Advantages of Dental Implants
You can floss around the implant, if it is a single unit and not part of a larger multi-implant bridge. You do not have to cut down two good teeth to do a bridge.
It cannot get a cavity. It tends to feel more like a real tooth. Long-term, the implant may be more cost effective as a bridge might get a cavity under it, the abutment tooth might crack or the crown might come loose. If the bridge fails then you are back to restoring the edentulous area (area with missing tooth/ root).
Disadvantages of Dental Implants
The biggest disadvantages to implants are cost and time. Yet, many dental insurances pay for part of the cost of the implant or crown over the implant.
How long do implants last?
The key to implant longevity is adequate bone, good occlusion (how the teeth fit together, so there are not heavier forces just on the implant tooth) and home care. How well you take care of your teeth and gums plays a critical part in maintaining your dental implant. Implants can develop bone loss and periodontal disease around them. So take good care of your investment: brush, floss and water pick can all be beneficial to keep the tissue healthy. Some implants may last a lifetime.
Do Dental Implants hurt?
Generally, most patients find the placement of an implant uneventful and at most find them slightly irritating, as if one has a crown or filling done. When larger surgeries are done with bone grafts and multiple implants, the tissue can be a little more uncomfortable, but this will be managed for you with appropriate pain medications.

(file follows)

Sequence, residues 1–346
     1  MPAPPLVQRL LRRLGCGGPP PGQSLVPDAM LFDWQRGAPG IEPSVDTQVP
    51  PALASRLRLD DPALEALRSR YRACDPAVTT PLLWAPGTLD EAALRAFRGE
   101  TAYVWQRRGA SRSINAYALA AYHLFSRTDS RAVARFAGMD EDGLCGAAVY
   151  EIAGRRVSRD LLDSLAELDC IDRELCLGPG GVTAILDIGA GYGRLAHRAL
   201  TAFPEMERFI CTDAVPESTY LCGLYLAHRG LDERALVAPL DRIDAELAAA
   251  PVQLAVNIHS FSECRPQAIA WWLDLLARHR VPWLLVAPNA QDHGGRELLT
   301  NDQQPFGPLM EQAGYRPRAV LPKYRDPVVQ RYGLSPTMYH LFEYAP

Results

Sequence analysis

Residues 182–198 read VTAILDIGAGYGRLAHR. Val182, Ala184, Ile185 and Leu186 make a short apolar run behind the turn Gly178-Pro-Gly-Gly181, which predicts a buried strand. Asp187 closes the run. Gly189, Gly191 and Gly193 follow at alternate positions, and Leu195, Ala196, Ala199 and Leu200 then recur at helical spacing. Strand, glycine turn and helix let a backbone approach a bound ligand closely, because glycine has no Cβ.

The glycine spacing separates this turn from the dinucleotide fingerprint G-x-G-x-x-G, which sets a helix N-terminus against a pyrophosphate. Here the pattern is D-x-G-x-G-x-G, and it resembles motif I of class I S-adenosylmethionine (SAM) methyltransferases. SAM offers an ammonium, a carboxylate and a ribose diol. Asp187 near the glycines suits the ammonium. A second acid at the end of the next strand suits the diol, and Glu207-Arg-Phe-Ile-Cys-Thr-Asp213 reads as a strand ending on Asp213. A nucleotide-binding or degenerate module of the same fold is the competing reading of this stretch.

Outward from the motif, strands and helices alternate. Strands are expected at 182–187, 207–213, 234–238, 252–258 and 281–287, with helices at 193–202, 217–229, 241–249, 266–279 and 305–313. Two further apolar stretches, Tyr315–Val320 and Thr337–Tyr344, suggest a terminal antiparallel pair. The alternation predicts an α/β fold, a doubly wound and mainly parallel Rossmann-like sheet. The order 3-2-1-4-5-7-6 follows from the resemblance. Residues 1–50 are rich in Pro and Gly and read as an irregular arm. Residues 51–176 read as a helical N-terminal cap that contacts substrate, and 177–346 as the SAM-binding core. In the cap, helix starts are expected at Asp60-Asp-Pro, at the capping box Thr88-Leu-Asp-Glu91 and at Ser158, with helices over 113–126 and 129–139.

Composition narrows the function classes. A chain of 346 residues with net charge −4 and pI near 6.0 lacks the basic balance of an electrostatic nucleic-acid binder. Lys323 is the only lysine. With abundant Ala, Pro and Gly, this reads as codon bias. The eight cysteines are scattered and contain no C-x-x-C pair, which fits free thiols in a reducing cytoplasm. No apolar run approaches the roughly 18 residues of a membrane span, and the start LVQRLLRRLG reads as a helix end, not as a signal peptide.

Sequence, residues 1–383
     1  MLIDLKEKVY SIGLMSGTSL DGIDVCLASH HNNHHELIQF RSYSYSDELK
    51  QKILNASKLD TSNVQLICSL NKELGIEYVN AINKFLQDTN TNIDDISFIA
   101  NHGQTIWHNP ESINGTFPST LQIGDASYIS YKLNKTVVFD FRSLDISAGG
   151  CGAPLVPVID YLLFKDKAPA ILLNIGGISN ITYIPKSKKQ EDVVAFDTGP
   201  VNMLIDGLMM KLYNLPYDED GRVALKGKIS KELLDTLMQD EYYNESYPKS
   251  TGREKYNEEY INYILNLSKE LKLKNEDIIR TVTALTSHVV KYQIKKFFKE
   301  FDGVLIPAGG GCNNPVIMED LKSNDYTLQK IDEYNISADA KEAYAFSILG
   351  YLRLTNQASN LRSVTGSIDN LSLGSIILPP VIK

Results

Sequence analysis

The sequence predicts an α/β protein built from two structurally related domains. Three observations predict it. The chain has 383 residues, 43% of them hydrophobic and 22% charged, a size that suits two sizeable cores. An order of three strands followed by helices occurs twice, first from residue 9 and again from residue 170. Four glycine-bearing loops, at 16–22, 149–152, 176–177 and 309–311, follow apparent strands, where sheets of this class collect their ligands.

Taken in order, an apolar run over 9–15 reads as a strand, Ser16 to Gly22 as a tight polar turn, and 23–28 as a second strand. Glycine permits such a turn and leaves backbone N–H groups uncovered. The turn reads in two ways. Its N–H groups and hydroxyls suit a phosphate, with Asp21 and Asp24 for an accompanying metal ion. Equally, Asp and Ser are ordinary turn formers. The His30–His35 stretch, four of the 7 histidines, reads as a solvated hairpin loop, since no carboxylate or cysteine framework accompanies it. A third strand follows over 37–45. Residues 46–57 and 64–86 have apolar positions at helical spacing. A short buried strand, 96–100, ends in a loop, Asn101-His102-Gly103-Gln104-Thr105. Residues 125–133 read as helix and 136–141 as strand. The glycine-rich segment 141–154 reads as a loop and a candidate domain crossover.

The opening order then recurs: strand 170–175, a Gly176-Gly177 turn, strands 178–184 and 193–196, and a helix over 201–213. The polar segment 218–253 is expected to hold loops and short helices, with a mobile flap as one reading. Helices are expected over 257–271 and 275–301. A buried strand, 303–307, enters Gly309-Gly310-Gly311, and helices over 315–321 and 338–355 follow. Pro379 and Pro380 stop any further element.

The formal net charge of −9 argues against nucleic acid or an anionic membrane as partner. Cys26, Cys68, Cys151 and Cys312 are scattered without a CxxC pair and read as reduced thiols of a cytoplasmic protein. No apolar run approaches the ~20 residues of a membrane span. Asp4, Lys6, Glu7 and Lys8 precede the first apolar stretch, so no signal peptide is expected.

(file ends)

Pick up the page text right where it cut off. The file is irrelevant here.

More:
How will my smile look?
Implants restored by a porcelain crown, can be made to appear very natural. It can often be difficult for the patient or others to tell the crown with an implant apart from the natural teeth, helping you achieve a confident and beautiful smile.
Cost of Dental Implants
A single implant can be similar to the cost of putting in a three tooth bridge. A few factors that can increase the cost are:
- If you need a bone graft or sinus graft,
- if you need tissue graft or augmentation, and your
- esthetic demands.
There are all ranges of “labs” that make crowns, just like there are all kinds of cars at different prices. There are specialized labs that spend much more time with highly skilled technicians that can make a front tooth look very natural, this sometimes comes with an increased cost.
Due to the cost and care for implant placement, most offices require payment in advance. They will often accept cash, debit or major credit cards and some offices will offer CareCredit, a dental financing credit card with typically lower interest rates than with traditional credit cards. You may also use your F.S.A. (Flexible Spending Account) or H.S.A. (Health Savings account) benefit card if you have one set up with your employer.
You might look at financing options or save up over time and see if it works in your budget. Long-term, the implant may be the less expensive option. Talk to your dentist about your options. Sometimes the patient can wear the temporary crown for an extended period of time before having to pay for the crown to be made. This can give them a little “breathing room” before having another expense, splitting up the total cost over a longer time.